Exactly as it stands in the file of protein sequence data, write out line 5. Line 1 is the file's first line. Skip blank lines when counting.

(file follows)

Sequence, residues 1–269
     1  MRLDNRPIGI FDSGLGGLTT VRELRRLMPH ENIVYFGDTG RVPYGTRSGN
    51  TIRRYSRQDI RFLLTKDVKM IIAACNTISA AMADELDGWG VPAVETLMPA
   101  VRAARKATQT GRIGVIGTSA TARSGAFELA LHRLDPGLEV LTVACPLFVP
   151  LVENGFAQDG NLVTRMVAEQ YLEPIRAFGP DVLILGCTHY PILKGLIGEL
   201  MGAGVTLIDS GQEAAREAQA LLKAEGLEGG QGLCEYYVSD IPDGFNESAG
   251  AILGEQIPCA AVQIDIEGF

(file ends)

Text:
   151  LVENGFAQDG NLVTRMVAEQ YLEPIRAFGP DVLILGCTHY PILKGLIGEL